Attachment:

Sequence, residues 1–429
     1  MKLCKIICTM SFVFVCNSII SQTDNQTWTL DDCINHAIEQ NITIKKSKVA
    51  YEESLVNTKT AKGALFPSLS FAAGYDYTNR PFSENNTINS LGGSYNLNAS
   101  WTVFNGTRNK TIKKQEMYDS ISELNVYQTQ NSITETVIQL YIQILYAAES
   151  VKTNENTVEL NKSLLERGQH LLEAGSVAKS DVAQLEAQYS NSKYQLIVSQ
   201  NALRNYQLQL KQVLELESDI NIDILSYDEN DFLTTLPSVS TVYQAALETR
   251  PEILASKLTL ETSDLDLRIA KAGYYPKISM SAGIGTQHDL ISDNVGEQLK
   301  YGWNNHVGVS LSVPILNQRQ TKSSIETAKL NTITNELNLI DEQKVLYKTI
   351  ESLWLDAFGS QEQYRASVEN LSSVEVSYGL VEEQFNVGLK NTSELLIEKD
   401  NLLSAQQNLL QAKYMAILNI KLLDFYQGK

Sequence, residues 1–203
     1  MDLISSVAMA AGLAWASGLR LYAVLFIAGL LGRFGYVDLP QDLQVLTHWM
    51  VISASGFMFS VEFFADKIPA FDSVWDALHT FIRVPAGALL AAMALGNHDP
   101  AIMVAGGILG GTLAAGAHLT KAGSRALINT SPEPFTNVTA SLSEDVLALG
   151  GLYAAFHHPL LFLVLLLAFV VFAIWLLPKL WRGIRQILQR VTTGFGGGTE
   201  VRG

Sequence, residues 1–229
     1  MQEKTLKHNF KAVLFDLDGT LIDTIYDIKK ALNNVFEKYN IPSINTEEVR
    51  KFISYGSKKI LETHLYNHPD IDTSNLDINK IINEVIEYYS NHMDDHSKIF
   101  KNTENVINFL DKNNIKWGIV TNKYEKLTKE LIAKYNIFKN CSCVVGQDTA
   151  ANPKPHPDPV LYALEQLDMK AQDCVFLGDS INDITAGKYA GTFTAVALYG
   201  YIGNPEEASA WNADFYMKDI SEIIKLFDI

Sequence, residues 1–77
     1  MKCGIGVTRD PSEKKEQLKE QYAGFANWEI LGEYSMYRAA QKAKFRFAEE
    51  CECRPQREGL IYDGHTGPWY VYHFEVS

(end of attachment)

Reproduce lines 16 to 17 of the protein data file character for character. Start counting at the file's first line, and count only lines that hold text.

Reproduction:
   201  VRG

Sequence, residues 1–229